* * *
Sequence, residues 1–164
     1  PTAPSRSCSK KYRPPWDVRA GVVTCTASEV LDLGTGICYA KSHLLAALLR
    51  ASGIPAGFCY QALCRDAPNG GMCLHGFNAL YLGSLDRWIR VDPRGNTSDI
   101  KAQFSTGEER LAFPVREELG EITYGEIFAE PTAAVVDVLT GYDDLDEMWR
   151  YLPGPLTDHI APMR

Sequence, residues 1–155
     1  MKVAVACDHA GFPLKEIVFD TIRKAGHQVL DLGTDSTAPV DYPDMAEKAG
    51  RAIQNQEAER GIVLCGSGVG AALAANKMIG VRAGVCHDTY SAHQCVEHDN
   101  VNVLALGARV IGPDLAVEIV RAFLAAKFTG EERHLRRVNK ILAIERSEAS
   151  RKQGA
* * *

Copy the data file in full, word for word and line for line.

Sequence, residues 1–164
     1  PTAPSRSCSK KYRPPWDVRA GVVTCTASEV LDLGTGICYA KSHLLAALLR
    51  ASGIPAGFCY QALCRDAPNG GMCLHGFNAL YLGSLDRWIR VDPRGNTSDI
   101  KAQFSTGEER LAFPVREELG EITYGEIFAE PTAAVVDVLT GYDDLDEMWR
   151  YLPGPLTDHI APMR

Sequence, residues 1–155
     1  MKVAVACDHA GFPLKEIVFD TIRKAGHQVL DLGTDSTAPV DYPDMAEKAG
    51  RAIQNQEAER GIVLCGSGVG AALAANKMIG VRAGVCHDTY SAHQCVEHDN
   101  VNVLALGARV IGPDLAVEIV RAFLAAKFTG EERHLRRVNK ILAIERSEAS
   151  RKQGA